That being said, hang in there. My family is rooting for you!

I haven't read the other comments.

Once when my (then) youngest had disappeared for two hours during a rain storm, a neighbor came out and in my presence said,"well, I told my husband it was just a matter of time. She doesn't even lock her doors and that one never even has underwear or pants on half the time."

Awful.

What should you do? Neighborly love suggestion: make some extra carrot muffins. Write a note to the idiot woman who started all this for being a caring and vigilant voice for the children of the neighborhood and that you will certainly be more mindful in the future. Certainly the children have got a good guardian in you, Mrs. X.

Be gracious.

She will probably be so taken with your gesture that she would more than likely leave you alone for a long time to come.

The point is not you're sorry and she's right, but that you live in here and she can make your life hell. She can get your kids taken away.

Make muffins, tread lightly.

I'd be crying, too. I'm so sorry you have to deal with this.

So sorry you're dealing with this. I hope it all works out for the good.

2 HOURS? Ugh. Take care of yourself -- we're all pulling for you and for REASON to prevail.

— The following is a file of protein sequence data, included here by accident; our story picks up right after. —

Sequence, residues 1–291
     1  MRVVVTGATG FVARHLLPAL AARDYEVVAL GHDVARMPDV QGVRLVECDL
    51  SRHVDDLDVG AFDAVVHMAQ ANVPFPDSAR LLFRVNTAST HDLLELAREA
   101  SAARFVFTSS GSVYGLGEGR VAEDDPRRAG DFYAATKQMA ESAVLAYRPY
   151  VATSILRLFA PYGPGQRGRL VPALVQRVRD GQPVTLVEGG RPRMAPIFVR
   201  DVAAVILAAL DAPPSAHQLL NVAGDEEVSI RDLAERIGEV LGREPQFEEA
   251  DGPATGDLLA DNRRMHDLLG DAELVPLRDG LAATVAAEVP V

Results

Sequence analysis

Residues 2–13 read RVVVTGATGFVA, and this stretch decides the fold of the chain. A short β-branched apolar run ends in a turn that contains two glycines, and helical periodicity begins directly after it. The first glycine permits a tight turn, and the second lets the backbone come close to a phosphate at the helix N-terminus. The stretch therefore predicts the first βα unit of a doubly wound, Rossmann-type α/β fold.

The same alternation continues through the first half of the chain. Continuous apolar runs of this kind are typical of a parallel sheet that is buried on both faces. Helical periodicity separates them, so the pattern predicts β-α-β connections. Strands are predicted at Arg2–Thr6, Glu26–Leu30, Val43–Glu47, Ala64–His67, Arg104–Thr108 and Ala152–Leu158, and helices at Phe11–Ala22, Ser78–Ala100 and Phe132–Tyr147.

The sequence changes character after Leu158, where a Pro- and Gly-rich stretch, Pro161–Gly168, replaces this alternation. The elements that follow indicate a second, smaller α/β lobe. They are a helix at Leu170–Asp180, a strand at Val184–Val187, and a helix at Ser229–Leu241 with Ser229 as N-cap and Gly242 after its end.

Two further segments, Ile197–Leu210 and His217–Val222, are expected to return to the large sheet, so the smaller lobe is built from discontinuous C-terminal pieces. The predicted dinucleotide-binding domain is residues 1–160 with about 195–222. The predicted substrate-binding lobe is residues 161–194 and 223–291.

I'd be crying too. But of course I am praying that you have peace and can stop soon.

Late to the game -- praying hard. (Since God is outside time, I'm fully convinced prayers work retroactively...) You did absolutely right (ask my daughter how far SHE walked to school) but it's a fallen and damaged world, and some people like to focus on that. Hugs!

Two hours? Insane. I'll be shocked if it goes any further than this, though. Waiting for the verdict from the supervisor will be the hardest.

I don't know what to tell you about the woman, though. I'd follow the police suggestions and have the addendum to the original report detailing how she behaved towards your son. After you get cleared by CPS, I'd add a copy of the notice that clears you of any wrong-doing as well, in case this woman wants to create more problems in the future. It's best to have as clear a paper trail as possible in case of future incidents.

This woman really does have too much time on her hands. And is probably insane. Let's be glad none of us is related to her!

Hi, everybody. Not long after I posted this, a friend called me and said, "Is there anything you need?" She dropped what she was doing to meet me at the park with her kids, and gave me the chance to talk and cry and get myself back together. I had been feeling so certain that this was a reasonable decision for this child in this neighborhood, but then when the caseworker left my certainty evaporated and I just crumpled. I had really hoped for quicker resolution than he can offer us.

It was not a grueling two hours at all. I was surprised to see how much time had elapsed when he left. Some of it was pages of stuff he is required to ask, like whether we have firearms in the home and whether anyone here has ever been convicted of drug charges and whether any of my children tested positive for drugs at birth. (!)

It took a little over an hour to get through the stuff he needed, and then we spent a lot of time just talking back and forth. He told me why he drives his kid to school every day instead of letting him walk. He talked about the distinctive character of this neighborhood. He talked about how his car was the only traffic our street had seen in those two hours.